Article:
We have had our little chicks for less than a week, and there are already a few things that I feel I would do differently the next time around. This post will highlight 5 lessons I learned pretty quickly!
- Steady Heat Source
I chose to avoid using a heat lamp given my forgetful nature. I felt like would be too easy to just attach a heat lamp to the brood box, and since our brooder is in the garage for the time being it’s definitely out of sight. For a busy mom of a 2-year-old this can quickly mean out of mind as well. I decided to provide residual heat using hot water in jars and a heating pad. In an attempt to save a few bucks I picked up a heating pad I found on sale on OfferUp. What I didn’t know was that the heating pad had an auto shut-off feature after 2 hours. For the first few nights this meant getting up every 2 hours or so to turn the heating pad back on. While I’ve had success with this method of keeping the chicks warm, I would definitely make sure to get a heating pad without the auto off feature the nest time around.
2. One Size Fits All Brooder
I started the chicks out in a black 18 gallon Sterilite storage bin. While this was enough space initially for the chicks to go back and forth between their food and water, and the heated corner there wasn’t much space for anything in between. About 3 days after their arrival the chicks began to get little wing feathers. 6 days after their arrival I decided to move them to a larger transparent 55 gallon storage bin. This not only allowed for more room to roam, but it allowed the chicks to receive additional light coming in from the sides of the bin. As soon as I made the switch the chicks began to take short little flights around the container stretching their wings and getting an inch or so above the bedding. I think they were thrilled about the extra space! Next time around I would start with a larger tote to begin with to avoid as many “move overs” as possible. The swap didn’t take too long, but I’m sure the chicks would have enjoyed the additional space all along.
3. Crumble the Crumbles
Our chicks are currently on an organic, non medicated, chick starter crumble. Although this is formulated specifically for chicks the crumbles are still a bit large for such little beaks. It was suggested to me, that I crumble them a bit finer to make it easier for the chicks to eat. I poured the feed into a plastic bag and gave it a few good hits with a small 2×4 block I found in the garage. After watching the chicks feed on the smaller crumbles it was noticeably easier for them, and they sent fewer pieces flying across the brood box in an attempt to eat. While it’s not a must, I do believe the chicks found it helpful.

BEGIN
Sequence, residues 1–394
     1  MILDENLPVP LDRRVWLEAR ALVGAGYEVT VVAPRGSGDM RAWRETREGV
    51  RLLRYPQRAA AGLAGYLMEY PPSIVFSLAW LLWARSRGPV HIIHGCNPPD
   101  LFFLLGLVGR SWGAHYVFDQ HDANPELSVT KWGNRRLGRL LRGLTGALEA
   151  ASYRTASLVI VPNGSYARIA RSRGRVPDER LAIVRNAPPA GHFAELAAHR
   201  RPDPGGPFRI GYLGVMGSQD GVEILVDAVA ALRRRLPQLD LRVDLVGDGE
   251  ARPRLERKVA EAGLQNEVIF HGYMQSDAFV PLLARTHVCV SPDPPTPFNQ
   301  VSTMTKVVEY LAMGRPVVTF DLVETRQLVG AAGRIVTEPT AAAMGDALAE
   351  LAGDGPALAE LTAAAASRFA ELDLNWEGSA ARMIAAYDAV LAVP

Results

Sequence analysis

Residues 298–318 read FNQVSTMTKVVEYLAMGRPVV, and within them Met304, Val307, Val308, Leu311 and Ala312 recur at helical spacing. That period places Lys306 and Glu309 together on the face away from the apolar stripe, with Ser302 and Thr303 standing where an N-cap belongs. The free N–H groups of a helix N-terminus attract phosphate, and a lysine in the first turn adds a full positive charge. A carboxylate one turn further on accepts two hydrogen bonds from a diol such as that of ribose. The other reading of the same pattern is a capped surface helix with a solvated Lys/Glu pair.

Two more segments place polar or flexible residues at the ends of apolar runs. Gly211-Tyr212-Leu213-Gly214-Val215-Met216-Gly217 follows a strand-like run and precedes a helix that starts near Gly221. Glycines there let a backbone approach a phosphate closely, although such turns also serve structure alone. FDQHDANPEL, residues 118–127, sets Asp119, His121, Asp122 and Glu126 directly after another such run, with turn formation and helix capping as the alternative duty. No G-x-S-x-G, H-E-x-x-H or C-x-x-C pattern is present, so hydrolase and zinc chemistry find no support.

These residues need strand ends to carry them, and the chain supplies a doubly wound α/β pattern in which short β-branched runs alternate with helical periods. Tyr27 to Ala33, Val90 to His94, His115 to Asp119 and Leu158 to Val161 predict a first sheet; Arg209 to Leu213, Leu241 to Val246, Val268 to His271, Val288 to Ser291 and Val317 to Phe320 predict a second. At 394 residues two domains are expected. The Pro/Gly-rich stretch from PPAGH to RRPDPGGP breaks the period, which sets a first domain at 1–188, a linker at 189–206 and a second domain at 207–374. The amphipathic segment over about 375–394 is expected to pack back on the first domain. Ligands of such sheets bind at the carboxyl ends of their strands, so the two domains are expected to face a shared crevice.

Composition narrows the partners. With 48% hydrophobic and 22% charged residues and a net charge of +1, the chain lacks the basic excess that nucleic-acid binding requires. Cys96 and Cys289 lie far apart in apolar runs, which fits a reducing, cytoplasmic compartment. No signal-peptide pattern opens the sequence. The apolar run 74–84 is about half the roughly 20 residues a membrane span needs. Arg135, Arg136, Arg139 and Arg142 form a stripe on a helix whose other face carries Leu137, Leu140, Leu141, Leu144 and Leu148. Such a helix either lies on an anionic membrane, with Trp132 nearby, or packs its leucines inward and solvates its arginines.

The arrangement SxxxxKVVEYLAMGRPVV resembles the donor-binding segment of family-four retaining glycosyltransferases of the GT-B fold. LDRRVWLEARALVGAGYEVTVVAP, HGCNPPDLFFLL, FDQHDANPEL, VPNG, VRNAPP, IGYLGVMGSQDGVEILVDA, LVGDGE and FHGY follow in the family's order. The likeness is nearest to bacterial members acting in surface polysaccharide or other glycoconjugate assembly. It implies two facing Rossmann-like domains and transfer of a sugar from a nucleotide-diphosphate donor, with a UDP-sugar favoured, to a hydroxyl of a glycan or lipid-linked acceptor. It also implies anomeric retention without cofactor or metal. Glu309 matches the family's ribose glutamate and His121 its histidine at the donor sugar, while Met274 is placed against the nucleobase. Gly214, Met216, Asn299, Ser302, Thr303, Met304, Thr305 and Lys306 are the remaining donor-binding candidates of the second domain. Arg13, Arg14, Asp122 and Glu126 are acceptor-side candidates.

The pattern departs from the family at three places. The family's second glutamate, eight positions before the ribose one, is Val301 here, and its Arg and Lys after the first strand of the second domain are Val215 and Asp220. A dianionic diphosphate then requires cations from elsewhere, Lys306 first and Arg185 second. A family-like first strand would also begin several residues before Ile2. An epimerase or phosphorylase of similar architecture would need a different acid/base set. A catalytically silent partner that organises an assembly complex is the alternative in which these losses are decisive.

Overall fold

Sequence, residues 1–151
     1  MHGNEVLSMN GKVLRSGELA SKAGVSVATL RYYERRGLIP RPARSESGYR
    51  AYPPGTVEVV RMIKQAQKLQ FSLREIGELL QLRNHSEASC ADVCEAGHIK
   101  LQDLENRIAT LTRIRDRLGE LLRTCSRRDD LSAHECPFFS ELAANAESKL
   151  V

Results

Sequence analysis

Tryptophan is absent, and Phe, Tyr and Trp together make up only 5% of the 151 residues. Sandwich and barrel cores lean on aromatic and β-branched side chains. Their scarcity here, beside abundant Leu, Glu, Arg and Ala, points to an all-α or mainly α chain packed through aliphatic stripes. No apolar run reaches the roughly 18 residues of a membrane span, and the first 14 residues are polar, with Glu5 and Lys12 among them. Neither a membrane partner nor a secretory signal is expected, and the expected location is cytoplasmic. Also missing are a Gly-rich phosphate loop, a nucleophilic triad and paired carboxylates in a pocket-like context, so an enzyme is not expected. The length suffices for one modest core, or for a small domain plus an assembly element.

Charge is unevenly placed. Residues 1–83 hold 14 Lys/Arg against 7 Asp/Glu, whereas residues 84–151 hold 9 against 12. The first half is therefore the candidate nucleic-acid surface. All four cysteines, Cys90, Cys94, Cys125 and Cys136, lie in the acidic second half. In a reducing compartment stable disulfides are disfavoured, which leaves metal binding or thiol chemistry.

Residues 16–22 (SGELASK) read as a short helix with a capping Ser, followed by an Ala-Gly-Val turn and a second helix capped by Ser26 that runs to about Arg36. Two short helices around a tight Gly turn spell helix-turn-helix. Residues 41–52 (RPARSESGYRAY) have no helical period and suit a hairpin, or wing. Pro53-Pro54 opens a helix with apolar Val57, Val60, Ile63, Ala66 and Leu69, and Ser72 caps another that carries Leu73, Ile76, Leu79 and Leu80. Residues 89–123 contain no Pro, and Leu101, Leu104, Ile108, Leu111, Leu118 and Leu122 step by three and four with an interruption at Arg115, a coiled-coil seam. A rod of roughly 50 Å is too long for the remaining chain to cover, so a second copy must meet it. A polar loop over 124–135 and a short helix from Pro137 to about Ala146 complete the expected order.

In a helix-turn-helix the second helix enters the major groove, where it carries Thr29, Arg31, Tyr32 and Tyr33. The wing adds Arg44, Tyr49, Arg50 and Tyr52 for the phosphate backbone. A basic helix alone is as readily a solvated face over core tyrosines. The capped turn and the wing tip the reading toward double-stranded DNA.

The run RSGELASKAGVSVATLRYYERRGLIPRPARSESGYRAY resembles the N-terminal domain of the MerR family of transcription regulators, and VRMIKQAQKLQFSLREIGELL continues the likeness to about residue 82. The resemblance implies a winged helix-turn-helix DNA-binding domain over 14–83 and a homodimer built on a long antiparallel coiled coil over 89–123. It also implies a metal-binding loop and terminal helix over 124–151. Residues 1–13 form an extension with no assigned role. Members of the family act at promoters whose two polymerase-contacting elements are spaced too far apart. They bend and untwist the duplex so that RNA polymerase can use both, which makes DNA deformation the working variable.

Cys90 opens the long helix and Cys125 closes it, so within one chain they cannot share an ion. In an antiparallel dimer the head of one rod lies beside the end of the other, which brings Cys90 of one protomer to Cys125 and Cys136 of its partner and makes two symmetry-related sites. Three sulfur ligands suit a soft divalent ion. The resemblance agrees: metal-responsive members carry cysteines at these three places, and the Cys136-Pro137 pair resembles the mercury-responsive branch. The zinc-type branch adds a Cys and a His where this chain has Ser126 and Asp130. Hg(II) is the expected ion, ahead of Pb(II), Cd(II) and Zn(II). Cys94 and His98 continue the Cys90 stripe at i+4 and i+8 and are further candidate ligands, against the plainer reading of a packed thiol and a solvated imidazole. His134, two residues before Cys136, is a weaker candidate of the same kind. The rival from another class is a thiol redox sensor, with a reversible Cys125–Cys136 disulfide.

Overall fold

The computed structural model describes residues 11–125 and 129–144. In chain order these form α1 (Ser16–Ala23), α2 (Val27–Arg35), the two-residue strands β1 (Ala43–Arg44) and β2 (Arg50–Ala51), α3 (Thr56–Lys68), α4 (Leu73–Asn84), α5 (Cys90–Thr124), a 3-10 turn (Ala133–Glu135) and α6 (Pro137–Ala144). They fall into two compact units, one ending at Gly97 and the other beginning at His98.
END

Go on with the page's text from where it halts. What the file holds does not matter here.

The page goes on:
4. Feed and Water Containers
Before the chicks arrived I watched lots of videos and read many articles that mentioned how food and water would need to be available to the chicks at all times. There were a few that mentioned not needing to purchase standard feed and water equipment. While I also agree that it’s not a need, the chicks will eat and drink as they please if the food and water are available, it has been extremely nice having them. I look around the brood box at all the droppings everywhere, and can’t help but assume that if their food and water were located that low to the bedding they would be tossed about and covered in droppings as well. While the feeders haven’t prevented the occasional pieces of pine shavings from getting into the food and water we have had great results with keeping the droppings out.
As much as we are looking forward to the eggs that these sweet girls will provide us with we will also be sharing a common space, the backyard! A day or so ago I noticed the chicks getting a bit skittish when I went to check on them and make sure they had enough heat, food and water. This was probably due in part to the fact that I really hadn’t been interacting with them much outside of making sure all of their basic needs were met. I’m now trying to make it a point to interact with them as much as possible a few times a day. Right now this means holding each chick for a few minutes at a time, and offering a small treat like fresh greens from the garden.